Aboriginal notions of sustainable development such as these form an integral part of the Earth Keepers program. Aboriginal people thus see a clear and direct link between sustainable development and traditional knowledge. Grounded in broad notions such as Aboriginal concepts of sustainable development, the delivery of the Earth Keepers program is guided by specific principles developed in consultation with First Nations communities. These principles address the two key objectives of Agenda 21 noted earlier: the need to involve Aboriginal traditional knowledge in sustainable development initiatives, and the need to engage in First Nations capacity building so as to permit First Nations to participate more fully in such undertakings. Key principles of the program are highlighted below.
Agenda 21 (specifically Chapter 26) calls for a significant global commitment to Indigenous people through recognizing and strengthening their role in sustainable development. In working towards this, a number of objectives were identified in Agenda 21 which would result in the recognition, respect and utilization of Aboriginal traditional knowledge in environmental and resource management and capacity-building processes.
The philosophical foundation for the development and community level implementation of the Earth Keepers program stems from the importance of recognizing and reclaiming traditional knowledge at the community level. Key principles from the Earth Keepers program in support of this therefore include:
Reclaiming responsibility for the environment: A major tenet of Aboriginal traditional philosophy is responsibility (Clarkson et al.). While traditional knowledge still remains with the people, many no longer know how to apply it to address current challenges such as solid waste management. An important part of the Earth Keepers program is therefore geared towards helping participants renew their understanding of traditional knowledge in a present day context. Participants are encouraged to learn to reassume their responsibilities in relation to traditional knowledge in the hope that this will lead to community-based decisions promoting sustainable development.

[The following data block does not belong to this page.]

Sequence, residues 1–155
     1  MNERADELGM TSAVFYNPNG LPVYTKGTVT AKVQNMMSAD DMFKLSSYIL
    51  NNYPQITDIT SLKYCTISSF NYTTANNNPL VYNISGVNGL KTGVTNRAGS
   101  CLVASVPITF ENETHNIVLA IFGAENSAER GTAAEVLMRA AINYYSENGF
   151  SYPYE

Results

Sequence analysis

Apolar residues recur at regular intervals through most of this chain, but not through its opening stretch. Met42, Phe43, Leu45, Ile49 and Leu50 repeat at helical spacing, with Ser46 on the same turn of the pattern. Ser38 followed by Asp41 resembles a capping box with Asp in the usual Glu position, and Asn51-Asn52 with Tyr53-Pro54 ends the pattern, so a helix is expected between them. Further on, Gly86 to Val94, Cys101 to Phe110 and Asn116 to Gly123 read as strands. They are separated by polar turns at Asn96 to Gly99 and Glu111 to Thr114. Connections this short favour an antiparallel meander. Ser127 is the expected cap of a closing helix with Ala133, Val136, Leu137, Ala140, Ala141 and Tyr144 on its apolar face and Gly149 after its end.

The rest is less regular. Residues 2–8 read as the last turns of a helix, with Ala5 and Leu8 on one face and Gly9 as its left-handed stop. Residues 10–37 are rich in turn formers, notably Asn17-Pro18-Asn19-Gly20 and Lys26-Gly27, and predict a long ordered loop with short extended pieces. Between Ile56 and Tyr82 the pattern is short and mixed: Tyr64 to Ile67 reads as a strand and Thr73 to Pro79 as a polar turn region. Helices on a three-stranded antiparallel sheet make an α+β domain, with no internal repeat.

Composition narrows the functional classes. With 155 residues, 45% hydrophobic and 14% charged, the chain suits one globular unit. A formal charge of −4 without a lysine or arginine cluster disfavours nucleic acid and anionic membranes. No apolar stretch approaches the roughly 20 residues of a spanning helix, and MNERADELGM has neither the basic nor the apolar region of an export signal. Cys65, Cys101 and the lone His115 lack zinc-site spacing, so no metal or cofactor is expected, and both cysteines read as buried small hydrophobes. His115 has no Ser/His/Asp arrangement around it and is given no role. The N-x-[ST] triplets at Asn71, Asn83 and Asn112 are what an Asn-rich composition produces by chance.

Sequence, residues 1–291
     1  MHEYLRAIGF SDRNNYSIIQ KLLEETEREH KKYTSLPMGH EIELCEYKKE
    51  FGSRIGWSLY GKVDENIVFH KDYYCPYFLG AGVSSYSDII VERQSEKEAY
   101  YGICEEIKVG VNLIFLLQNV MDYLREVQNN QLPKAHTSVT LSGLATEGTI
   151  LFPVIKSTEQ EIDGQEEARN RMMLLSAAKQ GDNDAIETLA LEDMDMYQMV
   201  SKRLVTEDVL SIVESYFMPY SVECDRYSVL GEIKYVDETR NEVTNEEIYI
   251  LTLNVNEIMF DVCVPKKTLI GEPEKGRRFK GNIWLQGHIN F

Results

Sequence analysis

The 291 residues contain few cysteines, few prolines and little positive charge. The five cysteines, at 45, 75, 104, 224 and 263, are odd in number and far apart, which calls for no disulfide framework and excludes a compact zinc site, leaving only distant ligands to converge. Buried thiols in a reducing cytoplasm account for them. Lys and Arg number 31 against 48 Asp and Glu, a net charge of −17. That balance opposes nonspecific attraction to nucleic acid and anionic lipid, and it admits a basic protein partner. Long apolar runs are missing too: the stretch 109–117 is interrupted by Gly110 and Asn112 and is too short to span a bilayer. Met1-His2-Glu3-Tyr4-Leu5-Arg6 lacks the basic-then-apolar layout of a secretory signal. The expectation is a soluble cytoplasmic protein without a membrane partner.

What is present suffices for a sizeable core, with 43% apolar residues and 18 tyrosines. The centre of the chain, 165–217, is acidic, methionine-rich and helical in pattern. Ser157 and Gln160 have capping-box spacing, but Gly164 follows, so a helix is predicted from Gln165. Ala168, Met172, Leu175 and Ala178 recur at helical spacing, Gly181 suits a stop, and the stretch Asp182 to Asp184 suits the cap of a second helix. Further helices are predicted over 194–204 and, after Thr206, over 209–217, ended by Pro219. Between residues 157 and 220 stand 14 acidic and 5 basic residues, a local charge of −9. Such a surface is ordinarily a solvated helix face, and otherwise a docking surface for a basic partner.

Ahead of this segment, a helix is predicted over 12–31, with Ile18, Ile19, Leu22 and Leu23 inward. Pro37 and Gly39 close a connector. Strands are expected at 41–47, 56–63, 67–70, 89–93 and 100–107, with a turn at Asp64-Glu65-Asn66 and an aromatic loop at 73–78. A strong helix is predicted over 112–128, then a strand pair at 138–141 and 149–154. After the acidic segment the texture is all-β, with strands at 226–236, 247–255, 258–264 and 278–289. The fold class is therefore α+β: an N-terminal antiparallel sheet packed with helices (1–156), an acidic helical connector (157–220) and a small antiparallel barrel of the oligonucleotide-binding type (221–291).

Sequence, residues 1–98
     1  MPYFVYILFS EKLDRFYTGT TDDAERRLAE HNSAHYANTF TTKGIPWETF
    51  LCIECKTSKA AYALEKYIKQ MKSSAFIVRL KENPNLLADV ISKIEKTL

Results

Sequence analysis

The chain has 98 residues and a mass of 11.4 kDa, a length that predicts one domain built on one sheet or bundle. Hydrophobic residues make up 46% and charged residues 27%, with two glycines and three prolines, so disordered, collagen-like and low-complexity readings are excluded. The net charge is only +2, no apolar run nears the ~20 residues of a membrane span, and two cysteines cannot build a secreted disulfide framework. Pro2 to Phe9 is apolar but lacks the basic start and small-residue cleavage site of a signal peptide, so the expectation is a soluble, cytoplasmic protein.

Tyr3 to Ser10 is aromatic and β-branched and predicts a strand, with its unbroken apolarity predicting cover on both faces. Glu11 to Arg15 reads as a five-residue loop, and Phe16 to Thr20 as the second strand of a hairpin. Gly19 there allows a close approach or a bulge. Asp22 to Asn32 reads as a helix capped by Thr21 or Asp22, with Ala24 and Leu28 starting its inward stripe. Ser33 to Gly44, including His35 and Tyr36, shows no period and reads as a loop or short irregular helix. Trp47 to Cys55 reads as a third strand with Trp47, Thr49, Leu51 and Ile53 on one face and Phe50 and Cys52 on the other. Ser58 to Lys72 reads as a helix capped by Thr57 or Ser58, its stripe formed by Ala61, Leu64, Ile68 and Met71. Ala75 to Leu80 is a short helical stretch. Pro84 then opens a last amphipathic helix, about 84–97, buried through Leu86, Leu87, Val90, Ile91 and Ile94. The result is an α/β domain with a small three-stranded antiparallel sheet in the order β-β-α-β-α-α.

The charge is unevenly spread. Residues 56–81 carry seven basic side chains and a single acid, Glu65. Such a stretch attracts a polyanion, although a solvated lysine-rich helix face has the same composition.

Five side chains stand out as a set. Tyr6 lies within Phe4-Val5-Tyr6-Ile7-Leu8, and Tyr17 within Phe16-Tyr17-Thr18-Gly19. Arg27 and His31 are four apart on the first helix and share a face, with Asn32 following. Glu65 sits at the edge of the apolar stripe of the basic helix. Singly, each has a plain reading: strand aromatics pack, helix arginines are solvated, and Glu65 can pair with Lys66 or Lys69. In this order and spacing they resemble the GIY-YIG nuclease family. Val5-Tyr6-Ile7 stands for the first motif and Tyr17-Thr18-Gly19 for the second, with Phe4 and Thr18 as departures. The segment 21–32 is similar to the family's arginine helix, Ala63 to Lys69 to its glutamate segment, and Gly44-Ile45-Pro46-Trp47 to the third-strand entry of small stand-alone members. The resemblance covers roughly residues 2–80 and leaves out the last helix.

Relearning traditional knowledge: While traditional knowledge continues to be held by First Nations communities, it is recognized that Indigenous people around the world have experienced many hardships that have resulted in severe disruptions in their way of life and in the ways that traditional knowledge is understood and practiced (Battiste and Hendeson). This has been the case for First Nations people in Canada. The Earth Keepers program therefore advocates re-learning traditional knowledge wherever possible. The program itself is described as a learning guide or in some cases a relearning guide. While an ambitious undertaking for a single program, the Earth Keepers program will make significant contributions to these goals where it is implemented in First Nations communities.
Earth Keepers aims to assist in capacity building both within and among First Nations communities. Key guiding principles in the Earth Keepers program related to capacity building include:
Drawing on the value of community knowledge: The approach utilized by the Earth Keepers program establishes a direct link between traditional knowledge and capacity building. The program uses materials and training strategies that will utilize each community’s own collective knowledge and experience to guide the development of a solid waste management program. This training model represents a significant departure from how such programs are presently delivered in many First Nations communities.